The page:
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Precision pathology for cancer with new ai tool

A new AI tool interprets medical images with unprecedented clarity, according to the results of a new study.

A molecular biologist working with a microscope in a modern scientific Laboratory, we see a computer screen in the foreground- CREDIT - istock-1390303303

The tool, called iStar (Inferring Super-Resolution Tissue Architecture), was developed by researchers at the University of Pennsylvania.

They believe that it can help diagnose and better treat cancers that might otherwise go undetected.

The imaging technique provides highly detailed views of individual cells and a broader look at the full spectrum of how people’s genes operate to identify cancer cells that might otherwise have gone undetected.

This tool can be used to determine whether safe margins were achieved through cancer surgeries and automatically provide annotation for microscopic images, paving the way for molecular disease diagnosis at that level.

The team said the iStar has the ability to automatically detect critical anti-tumour immune formations called “tertiary lymphoid structures,” whose presence correlates with a patient’s likely survival and favourable response to immunotherapy.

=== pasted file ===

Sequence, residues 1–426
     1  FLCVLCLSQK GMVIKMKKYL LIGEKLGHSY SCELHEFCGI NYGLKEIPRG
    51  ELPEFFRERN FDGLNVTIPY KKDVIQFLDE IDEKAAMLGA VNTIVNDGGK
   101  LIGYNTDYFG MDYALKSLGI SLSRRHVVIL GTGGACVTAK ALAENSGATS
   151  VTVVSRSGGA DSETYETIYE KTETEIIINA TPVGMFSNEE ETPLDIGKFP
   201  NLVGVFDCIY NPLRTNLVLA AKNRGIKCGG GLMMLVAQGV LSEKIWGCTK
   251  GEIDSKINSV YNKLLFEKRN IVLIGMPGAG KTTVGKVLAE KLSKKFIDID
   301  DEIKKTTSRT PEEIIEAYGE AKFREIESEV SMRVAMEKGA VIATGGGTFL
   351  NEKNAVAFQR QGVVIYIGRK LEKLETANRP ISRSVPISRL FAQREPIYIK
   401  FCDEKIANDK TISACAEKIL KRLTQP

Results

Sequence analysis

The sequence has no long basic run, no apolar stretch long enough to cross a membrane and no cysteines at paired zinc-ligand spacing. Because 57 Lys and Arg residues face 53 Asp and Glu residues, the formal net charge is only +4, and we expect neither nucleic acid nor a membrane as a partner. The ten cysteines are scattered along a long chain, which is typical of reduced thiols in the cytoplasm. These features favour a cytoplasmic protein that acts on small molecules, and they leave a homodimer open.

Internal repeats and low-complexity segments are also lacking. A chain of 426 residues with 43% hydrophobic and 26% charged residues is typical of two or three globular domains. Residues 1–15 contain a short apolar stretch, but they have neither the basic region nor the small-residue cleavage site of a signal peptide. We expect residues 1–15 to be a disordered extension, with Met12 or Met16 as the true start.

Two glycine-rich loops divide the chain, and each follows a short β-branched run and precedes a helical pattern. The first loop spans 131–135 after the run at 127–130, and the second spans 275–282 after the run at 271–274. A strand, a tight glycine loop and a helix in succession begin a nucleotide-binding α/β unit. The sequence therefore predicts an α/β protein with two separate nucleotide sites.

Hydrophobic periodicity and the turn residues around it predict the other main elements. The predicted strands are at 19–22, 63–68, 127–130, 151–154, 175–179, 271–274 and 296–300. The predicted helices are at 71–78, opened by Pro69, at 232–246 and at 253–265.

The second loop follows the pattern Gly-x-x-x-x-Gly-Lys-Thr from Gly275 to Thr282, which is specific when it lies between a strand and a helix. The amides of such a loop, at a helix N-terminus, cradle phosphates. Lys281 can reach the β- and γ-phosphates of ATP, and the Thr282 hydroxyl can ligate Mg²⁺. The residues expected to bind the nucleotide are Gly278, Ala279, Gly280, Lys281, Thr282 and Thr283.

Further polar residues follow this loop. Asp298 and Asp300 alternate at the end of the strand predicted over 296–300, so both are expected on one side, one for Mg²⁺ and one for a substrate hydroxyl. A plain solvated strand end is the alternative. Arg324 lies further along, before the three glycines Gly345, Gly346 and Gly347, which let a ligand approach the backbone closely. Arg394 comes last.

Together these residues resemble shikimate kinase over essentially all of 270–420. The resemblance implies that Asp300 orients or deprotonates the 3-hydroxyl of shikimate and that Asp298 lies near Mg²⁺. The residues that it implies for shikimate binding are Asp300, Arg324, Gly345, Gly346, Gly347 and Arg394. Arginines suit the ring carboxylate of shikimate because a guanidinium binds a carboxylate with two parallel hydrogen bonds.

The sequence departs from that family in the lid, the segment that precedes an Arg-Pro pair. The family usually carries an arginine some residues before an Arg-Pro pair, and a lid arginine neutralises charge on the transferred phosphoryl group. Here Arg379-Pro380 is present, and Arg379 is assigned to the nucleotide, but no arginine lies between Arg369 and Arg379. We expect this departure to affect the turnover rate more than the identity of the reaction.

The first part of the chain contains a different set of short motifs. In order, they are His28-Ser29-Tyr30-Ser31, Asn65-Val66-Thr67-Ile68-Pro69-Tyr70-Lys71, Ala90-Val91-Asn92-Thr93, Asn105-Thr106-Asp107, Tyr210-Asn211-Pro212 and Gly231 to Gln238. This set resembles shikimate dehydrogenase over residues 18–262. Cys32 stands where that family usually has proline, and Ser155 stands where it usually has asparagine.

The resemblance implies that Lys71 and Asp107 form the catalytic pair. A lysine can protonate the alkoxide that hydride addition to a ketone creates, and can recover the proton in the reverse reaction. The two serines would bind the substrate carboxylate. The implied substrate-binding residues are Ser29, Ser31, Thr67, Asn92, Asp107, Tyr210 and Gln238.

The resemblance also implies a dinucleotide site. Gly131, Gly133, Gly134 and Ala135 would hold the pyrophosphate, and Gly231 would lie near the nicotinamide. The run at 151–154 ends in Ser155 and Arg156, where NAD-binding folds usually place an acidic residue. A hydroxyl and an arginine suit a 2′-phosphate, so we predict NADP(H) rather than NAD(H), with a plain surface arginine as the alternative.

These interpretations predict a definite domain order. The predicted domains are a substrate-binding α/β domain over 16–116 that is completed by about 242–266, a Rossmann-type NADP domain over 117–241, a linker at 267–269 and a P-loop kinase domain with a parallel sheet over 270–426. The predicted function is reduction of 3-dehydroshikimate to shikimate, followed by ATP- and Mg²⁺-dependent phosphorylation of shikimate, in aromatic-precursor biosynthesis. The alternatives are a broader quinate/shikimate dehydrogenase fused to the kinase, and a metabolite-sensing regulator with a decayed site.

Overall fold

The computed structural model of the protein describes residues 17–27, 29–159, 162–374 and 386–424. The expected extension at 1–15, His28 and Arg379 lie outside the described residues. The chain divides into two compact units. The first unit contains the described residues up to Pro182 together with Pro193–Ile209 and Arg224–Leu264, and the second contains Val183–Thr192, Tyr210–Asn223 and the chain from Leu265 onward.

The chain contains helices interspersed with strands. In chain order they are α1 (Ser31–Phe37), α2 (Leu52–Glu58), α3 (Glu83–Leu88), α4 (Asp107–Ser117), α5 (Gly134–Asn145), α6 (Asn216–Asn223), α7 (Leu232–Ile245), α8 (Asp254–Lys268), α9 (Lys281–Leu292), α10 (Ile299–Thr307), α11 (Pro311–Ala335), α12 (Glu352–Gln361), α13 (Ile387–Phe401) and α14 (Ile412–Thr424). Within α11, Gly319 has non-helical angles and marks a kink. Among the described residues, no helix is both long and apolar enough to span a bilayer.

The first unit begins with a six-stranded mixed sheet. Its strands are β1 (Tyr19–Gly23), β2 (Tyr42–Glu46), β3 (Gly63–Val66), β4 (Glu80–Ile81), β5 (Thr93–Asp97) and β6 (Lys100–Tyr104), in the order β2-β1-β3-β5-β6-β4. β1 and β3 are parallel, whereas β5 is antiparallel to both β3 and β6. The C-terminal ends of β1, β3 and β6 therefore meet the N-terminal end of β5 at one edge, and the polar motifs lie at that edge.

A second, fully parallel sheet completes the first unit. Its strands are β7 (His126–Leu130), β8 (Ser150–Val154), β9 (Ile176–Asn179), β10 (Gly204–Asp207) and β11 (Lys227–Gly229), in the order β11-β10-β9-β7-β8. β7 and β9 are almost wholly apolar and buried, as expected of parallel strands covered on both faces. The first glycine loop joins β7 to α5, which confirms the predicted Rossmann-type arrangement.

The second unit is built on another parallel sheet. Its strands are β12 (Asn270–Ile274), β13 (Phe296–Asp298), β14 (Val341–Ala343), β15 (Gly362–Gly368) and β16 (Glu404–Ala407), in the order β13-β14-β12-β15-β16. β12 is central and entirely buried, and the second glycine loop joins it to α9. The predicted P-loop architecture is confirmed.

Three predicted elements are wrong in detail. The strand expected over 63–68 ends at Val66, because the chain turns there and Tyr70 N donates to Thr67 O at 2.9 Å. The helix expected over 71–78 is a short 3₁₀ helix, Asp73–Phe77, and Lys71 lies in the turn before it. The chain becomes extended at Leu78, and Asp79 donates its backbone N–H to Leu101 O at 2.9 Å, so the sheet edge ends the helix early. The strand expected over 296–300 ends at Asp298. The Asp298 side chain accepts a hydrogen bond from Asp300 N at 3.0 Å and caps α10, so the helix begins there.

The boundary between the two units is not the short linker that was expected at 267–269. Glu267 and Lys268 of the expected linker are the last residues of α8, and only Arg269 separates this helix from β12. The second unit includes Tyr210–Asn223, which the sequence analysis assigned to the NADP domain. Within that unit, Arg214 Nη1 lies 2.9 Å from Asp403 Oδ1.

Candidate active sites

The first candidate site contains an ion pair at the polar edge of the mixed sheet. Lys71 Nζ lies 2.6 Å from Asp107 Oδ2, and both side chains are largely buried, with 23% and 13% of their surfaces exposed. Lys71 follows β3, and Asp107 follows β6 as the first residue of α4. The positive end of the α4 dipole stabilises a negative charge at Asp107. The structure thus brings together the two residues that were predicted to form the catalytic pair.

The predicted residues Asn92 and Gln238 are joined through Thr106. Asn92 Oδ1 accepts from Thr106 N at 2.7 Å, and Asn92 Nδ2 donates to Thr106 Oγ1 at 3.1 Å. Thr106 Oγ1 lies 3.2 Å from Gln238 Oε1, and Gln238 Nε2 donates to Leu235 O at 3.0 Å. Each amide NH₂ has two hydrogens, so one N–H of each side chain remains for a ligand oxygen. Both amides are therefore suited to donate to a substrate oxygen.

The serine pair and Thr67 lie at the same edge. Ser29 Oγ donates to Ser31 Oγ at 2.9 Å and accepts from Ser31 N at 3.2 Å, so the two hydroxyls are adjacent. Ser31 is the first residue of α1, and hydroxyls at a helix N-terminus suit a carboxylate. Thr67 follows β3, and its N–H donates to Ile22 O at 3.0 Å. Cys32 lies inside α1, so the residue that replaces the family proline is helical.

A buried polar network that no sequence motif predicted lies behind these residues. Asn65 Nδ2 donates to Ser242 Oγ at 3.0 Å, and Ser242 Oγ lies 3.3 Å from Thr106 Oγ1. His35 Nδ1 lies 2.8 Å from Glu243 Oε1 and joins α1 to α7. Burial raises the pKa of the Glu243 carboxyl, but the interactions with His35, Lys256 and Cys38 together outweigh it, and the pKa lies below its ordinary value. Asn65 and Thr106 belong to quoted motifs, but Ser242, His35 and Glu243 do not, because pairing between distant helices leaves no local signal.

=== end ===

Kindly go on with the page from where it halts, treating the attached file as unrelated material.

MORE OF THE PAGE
They claim that iStar could be a powerful tool for determining which patients would benefit most from immunotherapy.

iStar was developed using spatial transcriptomics – a relatively new field used to map gene activities within the space of tissues.

To test the efficacy of the tool, iStar was evaluated on cancer tissue types, including breast, prostate, kidney, and colorectal cancers, mixed with healthy tissues.

Within these tests, iStar was able to automatically detect tumour and cancer cells that were hard to identify just by eye.

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Image credit | iStock

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